Review: The Very Impatient Caterpillar by Ross Burach

The Very Impatient Caterpillar by Ross Burach

The Very Impatient Caterpillar by Ross Burach (9781338289411)

When it’s time for the caterpillars to make their cocoons and metamorphosize, one caterpillar isn’t clear what is actually going on. To make matters worse, he’s also quite impatient about the entire process. Once he starts his metamorphosis, he just can’t wait the entire time and pops out before he has changed at all. He rebuilds his cocoon, but continues to complain the entire time and ask whether it’s time to emerge yet. Happily, the second time, he does become a butterfly but his impatience isn’t cured quite yet.

Burach writes this picture book entirely in dialogue, showing both the impatience of the main character and the exasperation of those around him. Thanks to a high level of humor in the book, the main character is more funny than troublesome. Children will see their own impatience in him. I also deeply appreciated that he didn’t change at all by the end of the book, even after changing into a butterfly. The art is big and bold, filled with bright colors and lots of energy. It is ideal to share with a group.

A great mix of humor and STEM. Appropriate for ages 2-4.

Reviewed from library copy.

Review: When You’re Scared by Andree Poulin

When You're Scared by Andr Poulin

When You’re Scared by Andree Poulin, illustrated by Veronique Joffre (9781771473651)

A little boy is scared to jump down into the water from a branch, even with his mother waiting below to catch him. A little bear cub feels the same way as he considers jumping from a branch into a dumpster. The mother and son each lunch together after swimming. The cub has lunch too, in the dumpster. When the boy goes to throw away their bag of garbage, he meets the mother bear standing outside the dumpster. The boy is scared of the bear, the cub is scared that he can’t get out. Mother and son decide to help the bears and bring a big log so that the cub can climb out, they are all very scared. Their plan works and the day ends with darkness and no one scared at all.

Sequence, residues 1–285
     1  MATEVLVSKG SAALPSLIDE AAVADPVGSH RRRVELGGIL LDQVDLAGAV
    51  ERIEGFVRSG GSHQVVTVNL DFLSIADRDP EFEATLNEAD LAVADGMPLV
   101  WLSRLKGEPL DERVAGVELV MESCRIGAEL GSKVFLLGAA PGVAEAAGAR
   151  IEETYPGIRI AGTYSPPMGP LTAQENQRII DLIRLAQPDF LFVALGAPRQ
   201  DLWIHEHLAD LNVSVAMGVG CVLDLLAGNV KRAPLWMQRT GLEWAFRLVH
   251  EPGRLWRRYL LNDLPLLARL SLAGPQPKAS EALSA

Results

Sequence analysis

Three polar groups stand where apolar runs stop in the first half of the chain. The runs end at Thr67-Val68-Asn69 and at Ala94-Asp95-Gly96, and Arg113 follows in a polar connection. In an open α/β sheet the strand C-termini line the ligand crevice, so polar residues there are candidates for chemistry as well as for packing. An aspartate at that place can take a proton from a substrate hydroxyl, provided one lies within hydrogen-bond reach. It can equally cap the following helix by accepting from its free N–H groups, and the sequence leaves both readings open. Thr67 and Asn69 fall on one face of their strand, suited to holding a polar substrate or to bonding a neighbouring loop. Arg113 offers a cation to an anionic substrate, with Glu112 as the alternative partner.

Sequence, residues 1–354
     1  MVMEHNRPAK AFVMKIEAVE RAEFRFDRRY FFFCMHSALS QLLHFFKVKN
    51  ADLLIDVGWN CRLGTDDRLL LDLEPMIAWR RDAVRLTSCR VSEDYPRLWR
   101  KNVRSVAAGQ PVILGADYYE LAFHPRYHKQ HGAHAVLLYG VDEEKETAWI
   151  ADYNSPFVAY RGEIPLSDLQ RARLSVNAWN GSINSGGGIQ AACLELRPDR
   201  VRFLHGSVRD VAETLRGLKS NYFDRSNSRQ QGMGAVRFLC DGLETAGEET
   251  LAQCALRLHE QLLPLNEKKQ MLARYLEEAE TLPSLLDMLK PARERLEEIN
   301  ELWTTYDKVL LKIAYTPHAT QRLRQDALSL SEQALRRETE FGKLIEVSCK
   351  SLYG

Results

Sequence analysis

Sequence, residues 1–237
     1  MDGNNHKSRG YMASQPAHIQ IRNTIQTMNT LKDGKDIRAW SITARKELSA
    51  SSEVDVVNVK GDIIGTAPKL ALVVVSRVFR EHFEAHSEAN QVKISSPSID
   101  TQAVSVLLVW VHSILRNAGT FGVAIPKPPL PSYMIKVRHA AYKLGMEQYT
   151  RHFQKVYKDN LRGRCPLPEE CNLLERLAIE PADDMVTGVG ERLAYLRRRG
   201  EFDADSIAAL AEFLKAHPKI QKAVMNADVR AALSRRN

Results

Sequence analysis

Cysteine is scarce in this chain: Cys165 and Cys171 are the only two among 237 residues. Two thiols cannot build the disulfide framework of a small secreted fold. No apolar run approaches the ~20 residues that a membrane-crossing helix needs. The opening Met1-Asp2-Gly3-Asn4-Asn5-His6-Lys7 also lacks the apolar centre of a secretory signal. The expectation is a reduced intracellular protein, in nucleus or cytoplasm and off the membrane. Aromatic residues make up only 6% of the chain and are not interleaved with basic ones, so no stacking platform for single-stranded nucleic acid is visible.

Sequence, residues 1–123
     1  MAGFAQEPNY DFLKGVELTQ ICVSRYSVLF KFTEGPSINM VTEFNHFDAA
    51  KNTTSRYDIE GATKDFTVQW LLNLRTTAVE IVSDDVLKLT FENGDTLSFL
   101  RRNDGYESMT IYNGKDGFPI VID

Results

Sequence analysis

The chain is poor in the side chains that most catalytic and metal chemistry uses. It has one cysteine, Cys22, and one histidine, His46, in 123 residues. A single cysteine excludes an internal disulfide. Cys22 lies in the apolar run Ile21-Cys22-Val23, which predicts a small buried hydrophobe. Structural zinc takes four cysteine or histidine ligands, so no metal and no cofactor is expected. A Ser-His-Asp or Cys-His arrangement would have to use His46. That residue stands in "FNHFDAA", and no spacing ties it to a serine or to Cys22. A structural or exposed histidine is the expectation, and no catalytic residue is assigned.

This Canadian picture book addresses the different aspects of fear. It uses the perspectives of both a human child and a bear cub to show that fear is universal. It also demonstrates that fear can be overcome and that doing so can make a positive difference in the world. The book uses words sparingly to tie the two perspectives together, allowing the story to really be told in the illustrations.

The illustrations are done in collage. They are bright and bold, showing the forest setting of the camping site and the dumpster. In certain images, the emotion of fear is shown as obliterating the sunny day entirely. It’s a very effective use of illustrations to convey emotion.

A book about fear that also encourages moving beyond fear to action. Appropriate for ages 2-4.

Reviewed from e-galley provided by Owlkids.

Review: A Friend for Henry by Jenn Bailey

A Friend for Henry by Jenn Bailey

A Friend for Henry by Jenn Bailey, illustrated by Mika Song (9781452167916)

In his classroom, Henry is looking to make a new friend. It can’t be the class pet, because Gilly the fish can’t play on the swings. It can’t be his teacher. As Henry considers different children in his class, he realizes that some of them are too colorful even when you try to do something nice for them. Others don’t listen very well, like a friend would. Other kids break the rules or play with worms. Henry found himself watching Gilly in her fishbowl. Katie is watching Gilly too. Henry thinks about Katie. The two play blocks together quietly and Katie listens to Henry and he listens to her. They play together but each in their own way. It’s just right.

Bailey has written a captivating story about a boy with particular needs and wants in a friend. Henry has strong opinions about friends, ones that make him angry when they are dismissed. When Henry gets too frustrated he ends up in a bit of trouble at school. It is great to see a book embrace the deep emotions of children and not label any of them as wrong. Henry doesn’t have to change at all to find a friend, he just needs some patience.